What if Oculus Rift games go the same way? Few devs are going to risk not getting in on the ground floor again, so they’re eager to stake a place at the starting line of the virtual reality gaming race. The Gear VR offers the promise of such a frontline position.

Devs are eager to stake a place at the starting line of the virtual reality gaming race.

This is an investment for developers, however. They’re not going to make much (if any) money until the full Rift virtual reality system eventually comes online.

Consider the $1,000-plus cost of a sim-free Note 4, with another $250 on top for the Gear VR holder. This is a very limited audience; likely only those who obtain a Note 4 on contract and decide they might as well give its VR peripheral a go.

It’s still a wise investment for game makers, so long as their software will be quickly and easily upgradable to work with the full Rift system. Games are appearing for the Gear VR already, suggesting game studios are just as excited about virtual reality gaming as we are; and just like us, they simply don’t have an outlet for that desire, regardless as to how eager everyone is.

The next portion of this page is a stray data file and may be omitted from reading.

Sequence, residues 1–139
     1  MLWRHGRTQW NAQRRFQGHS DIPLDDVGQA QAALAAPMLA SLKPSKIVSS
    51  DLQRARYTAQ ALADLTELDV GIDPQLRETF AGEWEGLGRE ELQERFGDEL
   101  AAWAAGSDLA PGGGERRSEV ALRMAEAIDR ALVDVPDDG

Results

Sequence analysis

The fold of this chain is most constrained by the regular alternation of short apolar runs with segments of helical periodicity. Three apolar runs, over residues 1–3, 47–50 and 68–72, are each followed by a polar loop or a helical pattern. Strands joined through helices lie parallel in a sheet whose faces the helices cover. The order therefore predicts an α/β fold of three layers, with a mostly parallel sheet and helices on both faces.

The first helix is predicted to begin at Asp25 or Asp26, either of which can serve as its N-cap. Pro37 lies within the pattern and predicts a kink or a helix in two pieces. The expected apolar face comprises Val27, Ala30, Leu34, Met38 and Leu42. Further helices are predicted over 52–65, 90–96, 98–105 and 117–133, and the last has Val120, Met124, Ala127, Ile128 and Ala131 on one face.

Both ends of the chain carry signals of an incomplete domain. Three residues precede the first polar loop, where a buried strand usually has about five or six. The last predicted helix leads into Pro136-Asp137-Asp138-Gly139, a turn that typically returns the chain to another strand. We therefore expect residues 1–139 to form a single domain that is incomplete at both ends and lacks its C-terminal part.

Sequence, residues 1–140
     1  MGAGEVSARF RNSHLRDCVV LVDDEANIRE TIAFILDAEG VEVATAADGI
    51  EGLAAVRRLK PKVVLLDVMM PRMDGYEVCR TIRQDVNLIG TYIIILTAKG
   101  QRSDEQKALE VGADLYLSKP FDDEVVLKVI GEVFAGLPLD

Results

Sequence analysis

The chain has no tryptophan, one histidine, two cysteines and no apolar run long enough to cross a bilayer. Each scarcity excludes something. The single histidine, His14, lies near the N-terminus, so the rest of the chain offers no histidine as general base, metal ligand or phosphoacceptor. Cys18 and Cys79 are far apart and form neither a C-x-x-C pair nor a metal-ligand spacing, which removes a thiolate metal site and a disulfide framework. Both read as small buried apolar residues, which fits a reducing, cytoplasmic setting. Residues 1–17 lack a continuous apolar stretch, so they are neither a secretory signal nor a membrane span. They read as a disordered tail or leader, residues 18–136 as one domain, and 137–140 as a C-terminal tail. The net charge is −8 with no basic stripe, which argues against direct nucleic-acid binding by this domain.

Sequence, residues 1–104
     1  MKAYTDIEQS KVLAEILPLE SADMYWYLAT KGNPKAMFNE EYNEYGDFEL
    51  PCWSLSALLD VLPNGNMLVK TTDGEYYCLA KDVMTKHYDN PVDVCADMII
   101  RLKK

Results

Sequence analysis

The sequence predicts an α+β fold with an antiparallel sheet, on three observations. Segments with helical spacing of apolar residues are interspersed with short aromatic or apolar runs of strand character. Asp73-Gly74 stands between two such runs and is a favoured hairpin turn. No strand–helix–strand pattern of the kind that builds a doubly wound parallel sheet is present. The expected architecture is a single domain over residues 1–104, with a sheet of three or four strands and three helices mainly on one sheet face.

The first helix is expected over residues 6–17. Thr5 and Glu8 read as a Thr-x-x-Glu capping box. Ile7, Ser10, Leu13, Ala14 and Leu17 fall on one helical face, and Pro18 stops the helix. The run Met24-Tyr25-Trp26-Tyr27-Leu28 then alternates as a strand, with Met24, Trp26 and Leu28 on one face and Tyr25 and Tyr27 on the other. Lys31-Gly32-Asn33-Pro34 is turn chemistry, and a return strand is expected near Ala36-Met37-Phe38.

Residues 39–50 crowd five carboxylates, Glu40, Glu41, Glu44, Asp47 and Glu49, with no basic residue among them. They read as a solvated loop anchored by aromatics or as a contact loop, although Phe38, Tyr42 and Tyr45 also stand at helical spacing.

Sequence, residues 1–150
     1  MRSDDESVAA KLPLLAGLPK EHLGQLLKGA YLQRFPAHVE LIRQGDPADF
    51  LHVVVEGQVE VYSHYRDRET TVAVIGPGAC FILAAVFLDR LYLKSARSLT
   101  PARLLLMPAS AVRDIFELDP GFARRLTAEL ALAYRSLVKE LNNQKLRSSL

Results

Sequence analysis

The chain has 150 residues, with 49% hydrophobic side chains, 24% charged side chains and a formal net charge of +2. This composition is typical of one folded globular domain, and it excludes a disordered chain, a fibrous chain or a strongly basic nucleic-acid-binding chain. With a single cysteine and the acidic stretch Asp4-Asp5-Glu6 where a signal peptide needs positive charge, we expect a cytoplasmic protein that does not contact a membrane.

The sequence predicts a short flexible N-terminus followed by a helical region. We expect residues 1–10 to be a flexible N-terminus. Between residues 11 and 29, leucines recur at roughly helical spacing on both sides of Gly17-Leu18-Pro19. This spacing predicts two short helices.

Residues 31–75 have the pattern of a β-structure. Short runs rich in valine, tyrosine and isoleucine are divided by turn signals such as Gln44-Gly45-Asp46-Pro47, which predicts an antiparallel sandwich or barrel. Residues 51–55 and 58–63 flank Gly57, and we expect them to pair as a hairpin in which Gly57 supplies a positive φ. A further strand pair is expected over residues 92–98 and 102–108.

The Totem is one of many dedicated virtual reality headsets in the works.

For long enough, the Gear VR will have more games than players, and Samsung will be left wondering if this isn’t another technological dead end.

The Korean giant has resources enough to weather such a dry spell, of course, but by the time virtual reality is a working games platform, the Oculus Rift will be ready to launch and all attention will swing away from the mobile novelty and converge on the dedicated system(s).

The promise of virtual reality was made way too soon.

And we’ll be excited about virtual reality all over again, because for the 12 months previous we’ll have watched the catalogue of VR games grow from boring old sidelines of real reality; with no way to play those increasingly adventurous and capable VR titles.